Voting FAQ

Let’s start with Illinois voting basics!

  • You must be a United States Citizen.
  • You must be 17 years old on or before the date of the Primary Election and turn 18 on or before the date of the General or Consolidated Election.
  • You must live in your election precinct at least 30 days prior to Election Day.
  • You must not be serving a sentence of confinement in any penal institution as a result of a conviction.
  • You may not claim the right to vote anywhere else.

You can register to vote online, register by mail, with a voter registrar, at the DMV – or register at the office of your election authority. These methods have various deadlines. 

    • ONLINE (Deadline: March 1, 2020)
      To register online for the March 17, 2020 primary, you must complete an Online Voter Application:
      If you register online, you need to bring your proof of identification the first time you vote.
    • “REGULAR” Registration (Deadline: February 18, 2020):
      You can send in a voter registration form by mail,  register with a voter registrar (who mails in the form for you), or register at the county clerk’s office at any time until approximately a month prior to the election.
    • AT THE POLLS, which is sometimes referred to as “grace period,” or “late” registration: You can register each day of voting at the office of the election authority. Make sure you bring the appropriate identification, and be prepared to vote – you must vote that day!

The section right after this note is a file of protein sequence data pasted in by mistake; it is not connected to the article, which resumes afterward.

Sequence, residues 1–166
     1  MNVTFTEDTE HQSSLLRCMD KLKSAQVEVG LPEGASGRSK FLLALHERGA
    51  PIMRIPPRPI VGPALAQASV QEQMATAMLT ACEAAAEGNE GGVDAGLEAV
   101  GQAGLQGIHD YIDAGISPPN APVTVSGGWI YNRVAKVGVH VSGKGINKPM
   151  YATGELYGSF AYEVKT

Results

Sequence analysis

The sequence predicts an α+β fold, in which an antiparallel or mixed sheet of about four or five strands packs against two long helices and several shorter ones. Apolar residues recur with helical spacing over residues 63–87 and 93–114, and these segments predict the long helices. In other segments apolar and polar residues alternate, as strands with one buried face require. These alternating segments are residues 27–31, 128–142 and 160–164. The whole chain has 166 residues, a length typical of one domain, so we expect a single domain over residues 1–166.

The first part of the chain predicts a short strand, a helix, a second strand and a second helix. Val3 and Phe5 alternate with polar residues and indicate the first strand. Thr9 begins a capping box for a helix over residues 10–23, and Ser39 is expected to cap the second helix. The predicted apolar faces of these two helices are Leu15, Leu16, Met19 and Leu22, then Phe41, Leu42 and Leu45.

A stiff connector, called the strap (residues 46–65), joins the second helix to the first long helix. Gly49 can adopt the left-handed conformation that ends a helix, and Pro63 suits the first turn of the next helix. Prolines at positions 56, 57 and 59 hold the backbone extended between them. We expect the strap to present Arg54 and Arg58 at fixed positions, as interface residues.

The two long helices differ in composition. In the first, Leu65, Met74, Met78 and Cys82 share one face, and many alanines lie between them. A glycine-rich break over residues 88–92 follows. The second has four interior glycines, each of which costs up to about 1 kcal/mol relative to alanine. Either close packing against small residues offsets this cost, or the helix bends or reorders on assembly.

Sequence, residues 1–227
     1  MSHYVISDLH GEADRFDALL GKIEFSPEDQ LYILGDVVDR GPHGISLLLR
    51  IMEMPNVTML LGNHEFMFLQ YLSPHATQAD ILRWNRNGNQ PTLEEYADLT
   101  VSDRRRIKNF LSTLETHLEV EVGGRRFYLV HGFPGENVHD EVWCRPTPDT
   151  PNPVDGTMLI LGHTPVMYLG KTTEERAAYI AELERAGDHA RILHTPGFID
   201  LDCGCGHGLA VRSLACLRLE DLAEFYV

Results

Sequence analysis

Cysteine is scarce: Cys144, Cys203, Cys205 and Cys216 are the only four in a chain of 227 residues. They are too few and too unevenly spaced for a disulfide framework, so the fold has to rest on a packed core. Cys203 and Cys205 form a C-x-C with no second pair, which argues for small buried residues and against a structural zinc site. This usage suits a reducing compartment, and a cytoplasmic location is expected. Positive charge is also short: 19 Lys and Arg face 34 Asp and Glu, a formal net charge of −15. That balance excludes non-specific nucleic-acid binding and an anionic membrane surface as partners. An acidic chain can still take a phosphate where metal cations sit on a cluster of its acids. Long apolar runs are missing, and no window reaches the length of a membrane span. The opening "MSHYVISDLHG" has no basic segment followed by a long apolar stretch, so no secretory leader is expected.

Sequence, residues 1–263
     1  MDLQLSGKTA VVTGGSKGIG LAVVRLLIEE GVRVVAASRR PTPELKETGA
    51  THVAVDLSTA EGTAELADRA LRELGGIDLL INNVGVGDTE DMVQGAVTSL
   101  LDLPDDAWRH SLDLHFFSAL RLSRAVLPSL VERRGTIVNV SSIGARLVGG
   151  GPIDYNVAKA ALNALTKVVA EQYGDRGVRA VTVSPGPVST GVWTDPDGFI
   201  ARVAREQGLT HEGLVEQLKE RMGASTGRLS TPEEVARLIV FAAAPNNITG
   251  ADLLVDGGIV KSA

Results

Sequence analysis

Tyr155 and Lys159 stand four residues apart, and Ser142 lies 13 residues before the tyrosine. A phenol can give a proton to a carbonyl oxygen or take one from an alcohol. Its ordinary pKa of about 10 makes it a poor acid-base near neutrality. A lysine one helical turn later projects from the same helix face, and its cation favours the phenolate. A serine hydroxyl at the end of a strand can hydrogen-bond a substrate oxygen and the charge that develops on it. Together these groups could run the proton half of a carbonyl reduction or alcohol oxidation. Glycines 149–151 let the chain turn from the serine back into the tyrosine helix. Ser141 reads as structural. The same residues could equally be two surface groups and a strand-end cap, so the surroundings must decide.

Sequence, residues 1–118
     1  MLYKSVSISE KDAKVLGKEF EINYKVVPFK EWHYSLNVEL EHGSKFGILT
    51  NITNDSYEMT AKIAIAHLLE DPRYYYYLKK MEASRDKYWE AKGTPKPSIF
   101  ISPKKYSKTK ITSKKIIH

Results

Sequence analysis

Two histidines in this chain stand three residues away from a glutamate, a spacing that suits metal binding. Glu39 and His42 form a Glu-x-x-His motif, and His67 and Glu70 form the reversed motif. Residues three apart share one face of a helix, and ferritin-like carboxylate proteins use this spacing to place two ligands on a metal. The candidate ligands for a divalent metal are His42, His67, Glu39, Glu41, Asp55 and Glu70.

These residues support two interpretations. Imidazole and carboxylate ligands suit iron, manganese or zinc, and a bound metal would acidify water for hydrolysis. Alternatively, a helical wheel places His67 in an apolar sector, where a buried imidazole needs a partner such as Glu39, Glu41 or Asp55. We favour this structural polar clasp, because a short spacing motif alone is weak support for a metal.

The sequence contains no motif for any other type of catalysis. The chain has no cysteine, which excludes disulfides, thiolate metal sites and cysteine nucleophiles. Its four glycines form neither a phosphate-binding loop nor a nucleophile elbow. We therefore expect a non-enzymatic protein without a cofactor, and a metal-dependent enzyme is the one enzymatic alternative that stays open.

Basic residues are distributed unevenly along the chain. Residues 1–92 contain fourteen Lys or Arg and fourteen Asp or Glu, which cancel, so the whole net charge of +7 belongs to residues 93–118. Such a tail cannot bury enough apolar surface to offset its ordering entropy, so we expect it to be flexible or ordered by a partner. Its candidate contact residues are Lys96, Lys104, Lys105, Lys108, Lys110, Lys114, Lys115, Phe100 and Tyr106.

• If you are registering for the first time, you should plan on showing “proof of identification” the first time you vote. Proof of identification includes:
      1. A current and valid photo identification or
      2. A current utility bill, bank statement, government check, paycheck or government document that shows your name and address.

    You can vote by mail, vote early at various locations, or vote on election day at your polling location.

    Your sample ballot will be posted approximately 6 weeks prior to Election Day by your local election authority (usually the County Clerk). 

    Find out the contact information for your election authority here:

    Before the sample ballot is available, you can determine the districts where you live by researching your current representatives:

    • Social media sites can provide insights into the person’s activities. More details information can be found on candidates’ web pages.
    • Candidate web pages will have specific stances on policy issues. In addition, it should contain information on events the candidate will be attending.
    • Website resources:
      • Ballotpedia
        This site has a broad overview of legislators and races across the country. Ballotpedia also has state-specific pages. 
      • Countable
        On the Countable website and app, you can read clear and succinct summaries of upcoming and active legislation, directly tell your lawmakers how to vote on those bills by clicking “Yea” or “Nay”, and follow up on how your elected officials voted on bills, so you can hold them accountable in the next election cycle.
      • League of Women Voters of Illinois
        The League of Women Voters does the following:
        • registers voters
        • sponsors candidate debates (oftentimes are livestreamed)
        • publishes voters guides
        • conducts public policy research
        • holds conferences on key issues
      • Open Secrets
        This website provides “tracking the influence of money on U.S. politics, and how that money affects policy and citizens’ lives” (Open Secrets). It includes information related to federal campaign contributions, lobbying data and analysis.

      Be An Informed Voter!

      The following slide show provides an overview of links and tools you can use to be an informed voter!